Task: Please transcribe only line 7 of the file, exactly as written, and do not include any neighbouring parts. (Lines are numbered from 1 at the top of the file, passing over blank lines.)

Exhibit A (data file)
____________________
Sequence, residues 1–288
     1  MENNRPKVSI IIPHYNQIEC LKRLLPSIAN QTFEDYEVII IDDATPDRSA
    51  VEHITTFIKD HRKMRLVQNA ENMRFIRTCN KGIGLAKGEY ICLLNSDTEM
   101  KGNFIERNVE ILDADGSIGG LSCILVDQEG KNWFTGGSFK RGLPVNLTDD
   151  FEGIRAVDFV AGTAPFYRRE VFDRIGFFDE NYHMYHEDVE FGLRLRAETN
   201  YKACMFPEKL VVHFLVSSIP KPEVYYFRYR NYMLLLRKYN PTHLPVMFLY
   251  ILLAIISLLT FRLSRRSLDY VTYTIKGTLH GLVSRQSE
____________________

   251  ILLAIISLLT FRLSRRSLDY VTYTIKGTLH GLVSRQSE